Fishnhunt New Zealands main hunting and Fishing Forum. millions of posts on fishing and hunting, dogs, 4x4 vehicles, outdoors and much more Welcome, Guest. Please Login or Register
Page Index Toggle Pages: 1 ... 3 4 [5]  Send TopicPrint
Hot Topic (More than 30 Replies) Hearing protection and Firearms (Read 45263 times)
Duckpression
Full Member
***
Offline



Posts: 148
Location: Gisborne
Joined: Oct 27th, 2014
Gender: Male
Re: Hearing protection and Firearms
Reply #60 - Sep 26th, 2016 at 5:14am
Print Post  
very interesting and some good reading there, would also be keen  if we were to do a bulk order to get them at a lower price, ear plugs with a cord to tie onto scope would be good
  

duck fever: disease duck hunters commonly suffer from during the off season.
Back to top
 
IP Logged
 
gonetropo
Just Joined
*
Offline


New Zealand's Hunting
and Fishing Forum

Posts: 4
Location: christchurch
Joined: Dec 8th, 2016
Re: Hearing protection and Firearms
Reply #61 - Dec 8th, 2016 at 4:42am
Print Post  
i have been building pro sound equipment most of my working life and trust me hearing protection while shooting is a must. a firearm has a sharp attack and slow decay type of waveform so its like your eardrum is being quickly compressed and then slowly released. its more than a question of dB its the way the eardrum is shocked. this is why people who play the violin will go deaf quicker than people who play the piano harp etc. the eardrum responds well to nice sounds that let it move in and out in a smooth motion and firearms dont do this.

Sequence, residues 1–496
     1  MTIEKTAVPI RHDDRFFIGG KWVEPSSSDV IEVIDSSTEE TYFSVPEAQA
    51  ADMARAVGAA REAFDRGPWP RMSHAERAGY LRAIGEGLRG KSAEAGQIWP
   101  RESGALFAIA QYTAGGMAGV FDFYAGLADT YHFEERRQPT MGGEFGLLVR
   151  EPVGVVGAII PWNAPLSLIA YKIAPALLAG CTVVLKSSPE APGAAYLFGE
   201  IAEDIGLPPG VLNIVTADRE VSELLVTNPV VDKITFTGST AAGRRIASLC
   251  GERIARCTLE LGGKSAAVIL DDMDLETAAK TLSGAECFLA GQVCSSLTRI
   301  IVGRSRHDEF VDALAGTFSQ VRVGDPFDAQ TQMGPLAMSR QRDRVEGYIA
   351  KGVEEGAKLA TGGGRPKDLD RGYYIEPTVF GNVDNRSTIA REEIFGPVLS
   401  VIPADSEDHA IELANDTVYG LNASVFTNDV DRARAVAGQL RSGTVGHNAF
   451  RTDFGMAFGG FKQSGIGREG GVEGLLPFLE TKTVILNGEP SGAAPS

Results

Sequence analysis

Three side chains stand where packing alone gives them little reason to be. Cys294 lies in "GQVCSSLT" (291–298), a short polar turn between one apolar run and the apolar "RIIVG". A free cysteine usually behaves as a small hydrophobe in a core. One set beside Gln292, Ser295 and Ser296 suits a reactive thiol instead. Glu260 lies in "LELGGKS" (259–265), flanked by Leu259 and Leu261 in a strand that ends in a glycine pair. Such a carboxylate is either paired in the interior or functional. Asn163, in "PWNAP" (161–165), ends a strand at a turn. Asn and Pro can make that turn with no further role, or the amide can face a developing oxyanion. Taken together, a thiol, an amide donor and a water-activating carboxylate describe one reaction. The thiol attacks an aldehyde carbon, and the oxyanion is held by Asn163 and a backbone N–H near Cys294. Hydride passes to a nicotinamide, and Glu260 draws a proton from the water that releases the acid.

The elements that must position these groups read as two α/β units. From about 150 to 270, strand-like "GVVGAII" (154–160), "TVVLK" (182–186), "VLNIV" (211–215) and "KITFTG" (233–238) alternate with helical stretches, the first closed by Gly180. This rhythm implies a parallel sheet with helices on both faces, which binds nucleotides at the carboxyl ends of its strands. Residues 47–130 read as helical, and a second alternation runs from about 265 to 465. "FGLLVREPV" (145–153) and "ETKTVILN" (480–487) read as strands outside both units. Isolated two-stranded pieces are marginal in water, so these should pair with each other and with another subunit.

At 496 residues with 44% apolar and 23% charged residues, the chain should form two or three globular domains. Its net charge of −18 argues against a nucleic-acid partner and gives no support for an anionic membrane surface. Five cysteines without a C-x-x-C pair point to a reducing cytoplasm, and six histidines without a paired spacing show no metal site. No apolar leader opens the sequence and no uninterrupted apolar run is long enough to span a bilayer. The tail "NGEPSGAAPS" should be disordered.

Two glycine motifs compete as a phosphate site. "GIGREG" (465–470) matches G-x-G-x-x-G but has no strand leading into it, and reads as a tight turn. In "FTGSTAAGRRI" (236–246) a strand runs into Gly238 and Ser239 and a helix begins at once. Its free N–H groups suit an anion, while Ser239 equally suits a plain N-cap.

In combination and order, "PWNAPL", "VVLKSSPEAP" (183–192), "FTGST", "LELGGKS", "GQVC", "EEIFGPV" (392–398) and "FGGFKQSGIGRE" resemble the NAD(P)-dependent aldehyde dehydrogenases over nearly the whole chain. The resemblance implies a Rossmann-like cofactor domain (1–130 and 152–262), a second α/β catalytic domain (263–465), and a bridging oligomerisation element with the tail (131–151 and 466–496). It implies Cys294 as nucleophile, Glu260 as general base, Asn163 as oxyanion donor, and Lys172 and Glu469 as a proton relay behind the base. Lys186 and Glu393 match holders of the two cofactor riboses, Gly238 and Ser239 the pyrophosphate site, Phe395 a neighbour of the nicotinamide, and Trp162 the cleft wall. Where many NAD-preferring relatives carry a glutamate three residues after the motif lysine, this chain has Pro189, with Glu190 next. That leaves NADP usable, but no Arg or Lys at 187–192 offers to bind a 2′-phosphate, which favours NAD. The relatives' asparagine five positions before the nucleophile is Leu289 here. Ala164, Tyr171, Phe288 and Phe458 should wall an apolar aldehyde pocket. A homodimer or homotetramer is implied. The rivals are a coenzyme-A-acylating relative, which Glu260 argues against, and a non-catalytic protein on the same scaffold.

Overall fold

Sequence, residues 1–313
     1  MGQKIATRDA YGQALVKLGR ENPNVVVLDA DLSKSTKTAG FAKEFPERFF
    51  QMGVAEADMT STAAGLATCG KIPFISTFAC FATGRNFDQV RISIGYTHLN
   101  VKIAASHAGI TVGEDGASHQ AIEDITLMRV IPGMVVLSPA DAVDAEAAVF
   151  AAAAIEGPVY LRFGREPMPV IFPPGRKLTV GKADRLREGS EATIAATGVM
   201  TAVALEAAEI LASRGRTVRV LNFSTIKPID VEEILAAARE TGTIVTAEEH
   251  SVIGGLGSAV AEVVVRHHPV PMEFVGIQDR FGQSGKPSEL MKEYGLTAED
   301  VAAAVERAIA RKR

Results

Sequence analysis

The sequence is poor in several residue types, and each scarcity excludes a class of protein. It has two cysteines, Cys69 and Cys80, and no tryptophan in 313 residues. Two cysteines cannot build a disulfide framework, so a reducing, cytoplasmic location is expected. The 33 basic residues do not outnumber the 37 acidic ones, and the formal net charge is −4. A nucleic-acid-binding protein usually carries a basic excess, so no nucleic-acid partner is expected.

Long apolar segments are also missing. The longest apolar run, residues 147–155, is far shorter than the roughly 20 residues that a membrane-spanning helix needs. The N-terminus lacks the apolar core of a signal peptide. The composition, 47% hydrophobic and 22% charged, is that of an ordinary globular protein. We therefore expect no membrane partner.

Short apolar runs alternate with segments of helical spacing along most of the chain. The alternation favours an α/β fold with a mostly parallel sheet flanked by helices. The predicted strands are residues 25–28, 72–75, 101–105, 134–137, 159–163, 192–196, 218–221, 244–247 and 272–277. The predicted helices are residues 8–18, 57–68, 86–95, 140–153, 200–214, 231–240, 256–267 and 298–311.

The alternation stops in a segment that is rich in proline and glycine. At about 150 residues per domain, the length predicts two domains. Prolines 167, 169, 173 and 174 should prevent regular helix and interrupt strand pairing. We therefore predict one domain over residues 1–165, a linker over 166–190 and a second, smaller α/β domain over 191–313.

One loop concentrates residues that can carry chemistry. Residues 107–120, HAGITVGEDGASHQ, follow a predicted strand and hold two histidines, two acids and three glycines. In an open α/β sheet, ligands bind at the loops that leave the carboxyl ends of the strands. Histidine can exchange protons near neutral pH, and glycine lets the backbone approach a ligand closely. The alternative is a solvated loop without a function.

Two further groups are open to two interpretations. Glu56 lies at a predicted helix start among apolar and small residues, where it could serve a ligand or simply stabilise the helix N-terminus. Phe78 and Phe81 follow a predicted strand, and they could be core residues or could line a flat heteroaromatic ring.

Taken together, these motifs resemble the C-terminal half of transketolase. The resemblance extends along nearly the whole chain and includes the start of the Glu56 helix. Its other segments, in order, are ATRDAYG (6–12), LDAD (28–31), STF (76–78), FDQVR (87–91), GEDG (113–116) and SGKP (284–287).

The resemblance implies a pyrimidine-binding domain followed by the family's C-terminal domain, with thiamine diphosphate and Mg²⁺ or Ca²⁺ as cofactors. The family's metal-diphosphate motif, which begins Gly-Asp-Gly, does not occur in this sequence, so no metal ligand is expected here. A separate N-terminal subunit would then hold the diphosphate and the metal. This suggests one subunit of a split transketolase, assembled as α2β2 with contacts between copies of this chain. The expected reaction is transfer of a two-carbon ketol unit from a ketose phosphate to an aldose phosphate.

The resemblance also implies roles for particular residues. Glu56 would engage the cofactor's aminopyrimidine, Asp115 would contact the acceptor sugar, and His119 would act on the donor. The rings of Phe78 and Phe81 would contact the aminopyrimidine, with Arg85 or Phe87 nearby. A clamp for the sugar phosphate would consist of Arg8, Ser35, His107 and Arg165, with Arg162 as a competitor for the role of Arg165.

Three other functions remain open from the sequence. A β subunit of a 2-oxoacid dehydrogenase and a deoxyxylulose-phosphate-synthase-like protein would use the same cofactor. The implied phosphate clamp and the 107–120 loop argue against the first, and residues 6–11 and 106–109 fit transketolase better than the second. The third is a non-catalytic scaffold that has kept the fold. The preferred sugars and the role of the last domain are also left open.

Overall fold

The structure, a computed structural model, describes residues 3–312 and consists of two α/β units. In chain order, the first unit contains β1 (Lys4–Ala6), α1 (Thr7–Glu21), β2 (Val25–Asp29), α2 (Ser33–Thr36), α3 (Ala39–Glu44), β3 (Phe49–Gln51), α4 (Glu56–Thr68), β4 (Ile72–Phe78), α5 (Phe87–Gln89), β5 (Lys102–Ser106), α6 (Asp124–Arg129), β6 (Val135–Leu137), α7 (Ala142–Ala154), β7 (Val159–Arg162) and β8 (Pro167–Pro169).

Back to top
 
IP Logged
 
ChrisHB
Forum Senior
****
Offline


I Love The FishNhunt Forum

Posts: 596
Joined: Sep 25th, 2013
Gender: Male
Re: Hearing protection and Firearms
Reply #62 - Dec 8th, 2016 at 9:05am
Print Post  
Onset/decay asymmetry is actually an irrelevant variable in damage/risk criteria. It is simply the peak SPL when it comes to small arms damage and obviously the number of repetitions that determine the risk of hearing loss.

The middle ear (including eardrum) isn't at issue- it's the sound energy reaching the cochlea that matters.
  
Back to top
 
IP Logged
 
Onehunter
Just Joined
*
Offline


New Zealand's Hunting
and Fishing Forum

Posts: 3
Location: Reigate
Joined: Dec 16th, 2016
Gender: Male
Re: Hearing protection and Firearms
Reply #63 - Dec 19th, 2016 at 12:24am
Print Post  
Over here in the UK pretty much everyone now wears hearing protection.  On the range it is compulsory.  Only exception is when out hunting using a sound moderator.   It is true, a single rifle shot can permanently damage your hearing.  It is not big or clever not to use hearing protection.  Try Peltor Sportac ear defenders. Excellent
  
Back to top
 
IP Logged
 
thebushninja
Just Joined
*
Offline


New Zealand's Hunting
and Fishing Forum

Posts: 12
Location: marlborough
Joined: Oct 31st, 2017
Re: Hearing protection and Firearms
Reply #64 - Nov 14th, 2017 at 8:40am
Print Post  
I wear Peltor sport tac earmuffs when hunting (always bush). They are really comfortable to wear. They have an amplification level of up to 11% but when hunting I use about 8% as you get wind noise above that, No bastard can get near me without me hearing them coming and no deer gets away as I heard them first. They cut any sound over 50 decibles like gun shots.
  
Back to top
 
IP Logged
 
ChrisHB
Forum Senior
****
Offline


I Love The FishNhunt Forum